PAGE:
The United Conservative Party (UCP) won the Alberta general election on May 29, taking 49 seats at the legislature, while the New Democratic Party (NDP) took 38 seats. The UCP remains confident in the 2021 provincial housing strategy “Stronger Foundations” and has not provided any new measure to address the issue of rent increases that has been felt across all urban centres in the province.  

  • Calgary’s Housing and Affordability Task Force releases its recommendations report

    Calgary’s Housing and Affordability Task Force released a report with six key recommendations to address housing affordability. The Task Force is composed of senior City staff, researchers and housing providers from diverse sectors, and it held a series of closed meetings to review existing housing programs and provide direction to Council on housing matters. To increase affordable housing supply in the city, the Task Force recommended enabling faster development of housing across the city, increasing available land for non-market housing, and ensuring that the supply of affordable housing meets the needs of Indigenous peoples and equity-deserving populations. The Task Force will present the set of recommendations to Council on June 6, and the report recommendations should inform the City’s Corporate Affordable Housing Strategy, set to be reviewed at the end of the summer.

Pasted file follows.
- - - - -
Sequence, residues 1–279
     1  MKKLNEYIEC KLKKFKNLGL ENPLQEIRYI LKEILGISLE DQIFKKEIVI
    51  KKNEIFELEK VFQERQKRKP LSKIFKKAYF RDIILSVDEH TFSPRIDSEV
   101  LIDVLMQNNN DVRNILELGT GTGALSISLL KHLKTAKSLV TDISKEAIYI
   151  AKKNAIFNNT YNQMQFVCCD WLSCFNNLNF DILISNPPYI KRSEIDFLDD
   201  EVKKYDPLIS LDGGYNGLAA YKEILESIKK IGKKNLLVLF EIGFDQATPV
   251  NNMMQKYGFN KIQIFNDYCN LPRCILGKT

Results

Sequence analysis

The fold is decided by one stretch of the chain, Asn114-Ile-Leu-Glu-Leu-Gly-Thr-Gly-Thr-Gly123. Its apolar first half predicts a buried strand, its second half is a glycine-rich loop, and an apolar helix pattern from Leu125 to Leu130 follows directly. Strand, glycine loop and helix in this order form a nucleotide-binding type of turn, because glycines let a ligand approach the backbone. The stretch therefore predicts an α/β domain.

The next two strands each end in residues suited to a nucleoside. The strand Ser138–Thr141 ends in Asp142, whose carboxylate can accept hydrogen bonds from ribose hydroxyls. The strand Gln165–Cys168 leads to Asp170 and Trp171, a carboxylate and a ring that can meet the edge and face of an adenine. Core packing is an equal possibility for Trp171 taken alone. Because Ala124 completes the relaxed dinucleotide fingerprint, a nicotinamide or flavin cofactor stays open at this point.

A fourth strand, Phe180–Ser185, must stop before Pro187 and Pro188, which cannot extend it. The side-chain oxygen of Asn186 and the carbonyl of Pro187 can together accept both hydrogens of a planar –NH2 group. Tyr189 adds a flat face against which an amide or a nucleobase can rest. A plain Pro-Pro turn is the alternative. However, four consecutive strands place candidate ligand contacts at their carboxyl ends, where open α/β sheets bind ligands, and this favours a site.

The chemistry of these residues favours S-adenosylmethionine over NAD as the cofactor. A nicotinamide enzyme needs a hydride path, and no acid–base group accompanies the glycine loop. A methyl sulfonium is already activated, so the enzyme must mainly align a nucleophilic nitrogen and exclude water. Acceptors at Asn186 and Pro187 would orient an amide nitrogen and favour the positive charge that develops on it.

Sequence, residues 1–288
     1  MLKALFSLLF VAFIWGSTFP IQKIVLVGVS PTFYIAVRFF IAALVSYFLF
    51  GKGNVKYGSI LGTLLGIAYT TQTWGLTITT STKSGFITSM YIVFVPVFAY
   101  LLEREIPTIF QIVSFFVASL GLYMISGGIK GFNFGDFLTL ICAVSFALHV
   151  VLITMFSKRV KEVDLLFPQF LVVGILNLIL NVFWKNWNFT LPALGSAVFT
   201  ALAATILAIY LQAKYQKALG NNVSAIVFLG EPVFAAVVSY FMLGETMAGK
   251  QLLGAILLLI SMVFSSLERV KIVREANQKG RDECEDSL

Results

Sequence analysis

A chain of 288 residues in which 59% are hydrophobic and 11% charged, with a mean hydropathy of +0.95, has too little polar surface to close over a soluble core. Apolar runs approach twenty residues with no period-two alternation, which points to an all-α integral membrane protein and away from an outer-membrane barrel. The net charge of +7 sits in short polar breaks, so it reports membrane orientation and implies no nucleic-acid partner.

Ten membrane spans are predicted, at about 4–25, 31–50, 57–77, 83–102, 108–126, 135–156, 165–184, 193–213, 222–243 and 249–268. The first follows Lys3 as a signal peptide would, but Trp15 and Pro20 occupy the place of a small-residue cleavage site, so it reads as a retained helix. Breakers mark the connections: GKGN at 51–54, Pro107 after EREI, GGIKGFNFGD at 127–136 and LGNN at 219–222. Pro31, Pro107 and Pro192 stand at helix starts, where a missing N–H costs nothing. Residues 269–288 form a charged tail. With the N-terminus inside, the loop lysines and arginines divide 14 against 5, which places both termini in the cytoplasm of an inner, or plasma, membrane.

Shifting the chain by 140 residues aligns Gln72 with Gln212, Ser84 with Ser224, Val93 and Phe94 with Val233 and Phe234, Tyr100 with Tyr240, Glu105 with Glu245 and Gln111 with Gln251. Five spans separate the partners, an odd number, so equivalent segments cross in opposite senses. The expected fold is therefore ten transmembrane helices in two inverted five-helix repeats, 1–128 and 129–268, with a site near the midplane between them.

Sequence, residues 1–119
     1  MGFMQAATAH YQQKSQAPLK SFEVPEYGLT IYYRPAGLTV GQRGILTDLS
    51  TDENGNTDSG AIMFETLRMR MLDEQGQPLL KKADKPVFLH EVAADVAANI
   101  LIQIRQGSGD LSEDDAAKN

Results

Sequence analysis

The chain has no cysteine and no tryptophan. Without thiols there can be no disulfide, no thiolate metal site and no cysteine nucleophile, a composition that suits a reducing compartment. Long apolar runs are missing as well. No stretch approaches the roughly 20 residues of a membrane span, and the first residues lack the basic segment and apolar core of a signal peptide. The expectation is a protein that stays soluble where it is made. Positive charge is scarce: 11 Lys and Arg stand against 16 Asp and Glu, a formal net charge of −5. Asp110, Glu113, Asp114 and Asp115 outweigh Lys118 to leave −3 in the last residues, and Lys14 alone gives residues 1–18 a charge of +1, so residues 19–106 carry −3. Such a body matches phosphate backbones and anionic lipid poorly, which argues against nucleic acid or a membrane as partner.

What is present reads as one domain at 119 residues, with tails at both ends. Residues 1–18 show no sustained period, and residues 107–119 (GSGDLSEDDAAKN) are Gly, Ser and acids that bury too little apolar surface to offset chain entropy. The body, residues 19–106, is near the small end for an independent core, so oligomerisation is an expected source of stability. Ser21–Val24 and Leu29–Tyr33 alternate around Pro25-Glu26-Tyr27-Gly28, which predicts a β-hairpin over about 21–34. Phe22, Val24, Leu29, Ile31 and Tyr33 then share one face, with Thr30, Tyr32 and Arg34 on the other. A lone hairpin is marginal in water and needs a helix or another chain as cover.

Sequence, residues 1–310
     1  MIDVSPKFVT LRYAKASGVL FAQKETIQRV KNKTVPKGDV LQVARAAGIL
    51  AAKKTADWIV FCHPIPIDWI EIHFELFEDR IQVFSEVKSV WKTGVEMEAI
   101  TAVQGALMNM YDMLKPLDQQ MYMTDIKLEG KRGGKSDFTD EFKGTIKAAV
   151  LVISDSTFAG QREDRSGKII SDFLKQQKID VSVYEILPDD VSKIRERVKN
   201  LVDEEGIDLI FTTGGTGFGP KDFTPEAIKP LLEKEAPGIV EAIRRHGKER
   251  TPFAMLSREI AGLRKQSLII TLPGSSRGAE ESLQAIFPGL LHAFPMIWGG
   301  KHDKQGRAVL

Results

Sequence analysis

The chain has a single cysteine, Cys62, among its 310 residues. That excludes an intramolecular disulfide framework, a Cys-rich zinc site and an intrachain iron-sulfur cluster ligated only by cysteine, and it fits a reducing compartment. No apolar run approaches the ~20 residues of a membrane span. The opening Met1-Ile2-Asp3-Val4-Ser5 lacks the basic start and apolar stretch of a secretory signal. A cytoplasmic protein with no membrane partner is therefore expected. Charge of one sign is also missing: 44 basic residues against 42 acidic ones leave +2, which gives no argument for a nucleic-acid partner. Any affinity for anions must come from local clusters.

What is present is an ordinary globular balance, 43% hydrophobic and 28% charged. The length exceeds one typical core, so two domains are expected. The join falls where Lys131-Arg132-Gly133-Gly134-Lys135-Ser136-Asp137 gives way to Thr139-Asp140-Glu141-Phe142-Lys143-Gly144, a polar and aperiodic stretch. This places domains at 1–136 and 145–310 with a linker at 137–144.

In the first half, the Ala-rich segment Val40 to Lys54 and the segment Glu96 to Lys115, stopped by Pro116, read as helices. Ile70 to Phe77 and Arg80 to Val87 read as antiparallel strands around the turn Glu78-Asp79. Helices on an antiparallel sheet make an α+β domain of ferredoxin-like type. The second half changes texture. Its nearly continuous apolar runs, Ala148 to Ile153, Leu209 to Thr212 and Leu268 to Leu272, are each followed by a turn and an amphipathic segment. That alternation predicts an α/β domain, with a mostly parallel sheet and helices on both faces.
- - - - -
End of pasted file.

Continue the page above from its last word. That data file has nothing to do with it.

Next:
british columbia

  • Ten cities to pilot new housing targets